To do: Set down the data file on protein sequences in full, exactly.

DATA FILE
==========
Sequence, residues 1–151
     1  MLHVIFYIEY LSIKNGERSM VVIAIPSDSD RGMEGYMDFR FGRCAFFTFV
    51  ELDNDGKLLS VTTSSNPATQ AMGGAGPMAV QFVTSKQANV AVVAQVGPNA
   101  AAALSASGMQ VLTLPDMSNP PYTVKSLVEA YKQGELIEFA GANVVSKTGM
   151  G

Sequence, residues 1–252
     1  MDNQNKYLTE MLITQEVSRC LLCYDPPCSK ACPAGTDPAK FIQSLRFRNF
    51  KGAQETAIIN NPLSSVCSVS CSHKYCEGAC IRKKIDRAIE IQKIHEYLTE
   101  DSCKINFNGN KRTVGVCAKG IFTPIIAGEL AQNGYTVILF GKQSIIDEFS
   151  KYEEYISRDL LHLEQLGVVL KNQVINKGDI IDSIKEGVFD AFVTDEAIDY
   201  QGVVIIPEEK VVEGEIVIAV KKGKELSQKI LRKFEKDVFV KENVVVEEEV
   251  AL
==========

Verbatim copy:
Sequence, residues 1–151
     1  MLHVIFYIEY LSIKNGERSM VVIAIPSDSD RGMEGYMDFR FGRCAFFTFV
    51  ELDNDGKLLS VTTSSNPATQ AMGGAGPMAV QFVTSKQANV AVVAQVGPNA
   101  AAALSASGMQ VLTLPDMSNP PYTVKSLVEA YKQGELIEFA GANVVSKTGM
   151  G

Sequence, residues 1–252
     1  MDNQNKYLTE MLITQEVSRC LLCYDPPCSK ACPAGTDPAK FIQSLRFRNF
    51  KGAQETAIIN NPLSSVCSVS CSHKYCEGAC IRKKIDRAIE IQKIHEYLTE
   101  DSCKINFNGN KRTVGVCAKG IFTPIIAGEL AQNGYTVILF GKQSIIDEFS
   151  KYEEYISRDL LHLEQLGVVL KNQVINKGDI IDSIKEGVFD AFVTDEAIDY
   201  QGVVIIPEEK VVEGEIVIAV KKGKELSQKI LRKFEKDVFV KENVVVEEEV
   251  AL